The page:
So there could be an objective, conceptually structured world even if there were no subjects applying concepts in inferentially articulated practices of giving and asking for reasons, hence no believers or agents. But there could not be concept users, hence subjects, except in a conceptually structured objective world. So far, this line of thought articulates a common-sense realism about the asymmetric dependence of subjects on the objective world they inhabit. I believe that Hegel never wavered in his endorsement of his version of this platitudinous view. It is certainly a consequence of the account of consciousness and self-consciousness as rooted in the tripartite structure of erotic awareness, as sketched in Chapter Six. We also saw in Chapter Five, however, that he thinks that behind the asymmetric reference dependence of subjective on objective things lies a symmetricsense dependence of the concepts articulating subjective processes of concept use and concepts articulating objective conceptual relations. This is the doctrine I called “objective idealism”.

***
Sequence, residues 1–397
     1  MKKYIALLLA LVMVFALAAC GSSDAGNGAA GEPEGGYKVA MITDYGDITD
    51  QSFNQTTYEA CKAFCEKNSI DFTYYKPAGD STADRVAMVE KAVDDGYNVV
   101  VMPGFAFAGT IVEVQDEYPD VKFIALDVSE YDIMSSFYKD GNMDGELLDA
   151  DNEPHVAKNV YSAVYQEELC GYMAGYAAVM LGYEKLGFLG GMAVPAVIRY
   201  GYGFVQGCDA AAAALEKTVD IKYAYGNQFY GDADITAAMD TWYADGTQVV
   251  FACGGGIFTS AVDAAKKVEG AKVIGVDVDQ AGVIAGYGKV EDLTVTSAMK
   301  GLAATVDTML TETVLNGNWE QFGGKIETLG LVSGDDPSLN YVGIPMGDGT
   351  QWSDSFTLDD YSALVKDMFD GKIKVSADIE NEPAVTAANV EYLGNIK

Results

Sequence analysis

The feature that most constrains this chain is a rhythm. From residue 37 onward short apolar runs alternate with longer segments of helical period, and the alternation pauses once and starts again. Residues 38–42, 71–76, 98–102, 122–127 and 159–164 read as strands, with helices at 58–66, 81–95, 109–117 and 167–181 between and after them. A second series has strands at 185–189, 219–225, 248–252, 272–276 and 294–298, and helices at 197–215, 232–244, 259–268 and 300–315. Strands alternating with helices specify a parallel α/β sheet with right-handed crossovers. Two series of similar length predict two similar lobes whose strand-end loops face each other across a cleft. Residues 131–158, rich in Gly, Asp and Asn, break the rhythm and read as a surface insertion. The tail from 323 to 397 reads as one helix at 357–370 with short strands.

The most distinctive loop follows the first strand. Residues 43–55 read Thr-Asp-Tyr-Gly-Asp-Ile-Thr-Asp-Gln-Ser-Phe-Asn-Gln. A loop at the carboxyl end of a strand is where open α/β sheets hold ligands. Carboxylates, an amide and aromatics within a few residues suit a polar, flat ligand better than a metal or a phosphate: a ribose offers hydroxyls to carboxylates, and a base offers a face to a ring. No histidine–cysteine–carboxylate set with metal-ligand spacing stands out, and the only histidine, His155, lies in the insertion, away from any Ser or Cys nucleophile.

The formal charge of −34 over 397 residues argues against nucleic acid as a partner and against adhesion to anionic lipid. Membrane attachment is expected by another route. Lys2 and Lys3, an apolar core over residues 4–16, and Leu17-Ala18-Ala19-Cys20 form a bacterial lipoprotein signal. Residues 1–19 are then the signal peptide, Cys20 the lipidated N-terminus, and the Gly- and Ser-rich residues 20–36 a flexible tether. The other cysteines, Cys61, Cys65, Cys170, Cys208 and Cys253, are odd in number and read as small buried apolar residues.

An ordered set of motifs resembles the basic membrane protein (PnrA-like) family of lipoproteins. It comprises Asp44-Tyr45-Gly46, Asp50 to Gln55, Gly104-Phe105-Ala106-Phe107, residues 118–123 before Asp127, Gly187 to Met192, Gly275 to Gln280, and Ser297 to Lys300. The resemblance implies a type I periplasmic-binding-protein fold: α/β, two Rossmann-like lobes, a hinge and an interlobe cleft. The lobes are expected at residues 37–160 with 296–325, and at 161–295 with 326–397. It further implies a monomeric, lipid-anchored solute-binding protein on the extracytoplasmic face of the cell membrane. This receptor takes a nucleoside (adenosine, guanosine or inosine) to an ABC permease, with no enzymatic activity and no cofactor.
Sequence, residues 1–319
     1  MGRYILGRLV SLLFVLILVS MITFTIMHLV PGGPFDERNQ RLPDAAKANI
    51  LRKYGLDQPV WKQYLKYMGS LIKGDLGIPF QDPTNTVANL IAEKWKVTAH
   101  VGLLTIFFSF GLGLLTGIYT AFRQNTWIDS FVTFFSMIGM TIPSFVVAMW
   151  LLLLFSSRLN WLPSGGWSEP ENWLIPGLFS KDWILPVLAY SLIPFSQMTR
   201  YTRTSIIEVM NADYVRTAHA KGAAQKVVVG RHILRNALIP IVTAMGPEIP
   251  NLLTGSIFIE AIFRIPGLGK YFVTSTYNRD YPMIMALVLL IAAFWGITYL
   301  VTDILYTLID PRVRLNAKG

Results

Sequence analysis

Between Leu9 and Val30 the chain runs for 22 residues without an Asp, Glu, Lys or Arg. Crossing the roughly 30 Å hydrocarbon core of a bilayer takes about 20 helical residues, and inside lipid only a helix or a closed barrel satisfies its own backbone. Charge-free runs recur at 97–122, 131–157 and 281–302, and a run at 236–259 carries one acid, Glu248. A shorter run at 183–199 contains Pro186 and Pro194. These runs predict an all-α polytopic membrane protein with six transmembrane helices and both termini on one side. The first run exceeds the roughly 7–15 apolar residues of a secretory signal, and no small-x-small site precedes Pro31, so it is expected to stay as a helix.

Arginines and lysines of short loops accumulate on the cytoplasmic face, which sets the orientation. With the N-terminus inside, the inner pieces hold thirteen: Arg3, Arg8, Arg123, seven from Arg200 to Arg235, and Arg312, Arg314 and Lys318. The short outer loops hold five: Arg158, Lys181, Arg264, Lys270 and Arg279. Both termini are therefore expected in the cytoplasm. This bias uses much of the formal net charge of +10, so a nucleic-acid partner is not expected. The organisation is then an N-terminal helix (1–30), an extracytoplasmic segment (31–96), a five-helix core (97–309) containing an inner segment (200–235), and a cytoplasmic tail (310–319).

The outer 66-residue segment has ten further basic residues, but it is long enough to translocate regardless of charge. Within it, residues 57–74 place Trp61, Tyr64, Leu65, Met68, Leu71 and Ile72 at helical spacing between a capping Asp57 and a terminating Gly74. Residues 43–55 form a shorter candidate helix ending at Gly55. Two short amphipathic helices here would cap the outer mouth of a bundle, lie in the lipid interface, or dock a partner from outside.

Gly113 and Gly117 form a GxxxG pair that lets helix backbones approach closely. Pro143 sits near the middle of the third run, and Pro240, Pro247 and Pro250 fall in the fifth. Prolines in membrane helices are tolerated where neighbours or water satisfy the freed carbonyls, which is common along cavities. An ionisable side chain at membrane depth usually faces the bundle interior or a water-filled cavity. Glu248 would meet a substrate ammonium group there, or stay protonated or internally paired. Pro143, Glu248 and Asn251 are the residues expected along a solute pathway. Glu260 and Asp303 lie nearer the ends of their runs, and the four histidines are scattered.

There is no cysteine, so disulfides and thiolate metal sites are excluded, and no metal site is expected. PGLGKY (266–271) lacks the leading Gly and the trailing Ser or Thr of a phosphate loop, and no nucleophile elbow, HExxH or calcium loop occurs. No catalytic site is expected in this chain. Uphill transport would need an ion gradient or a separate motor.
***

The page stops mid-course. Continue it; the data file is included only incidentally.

According to this thesis, although there could and would be lawful connections among properties even if there were no self-conscious creatures to codify them in counterfactual reasoning, it is not possible to understand what laws are without appealing to the distinctive sort of reasoning they support (and vice versa). Although there could and would be objective facts (say, about the melting-point of copper) even if there were no language users to discover and assert them, one cannot say what a fact is without appealing to the possibility of asserting one (nor, conversely, can one make adequate sense of the notion of asserting without appeal to that of fact). Although there could and would be particular objects even in a world devoid of discursive practices of singular reference, one cannot explain the conceptobject except in connection to the concept singular term—the vocabulary whose distinctive expressive role it is to purport to refer to particulars. (Nor, again, could one make sense of singular term without appeal to that expressive role, and hence to object). That these are sense dependence claims, and not reference dependence claims means that the connections between concepts expressing the activities, practices, or processes of subjects (e.g. counterfactual reasoning, asserting, singular term) and concepts expressing structural features of the objective world (e.g. law, fact, object) are essential to the identity and individuation of those concepts, but that there are no corresponding essential relations between the items those concepts apply to or are true of.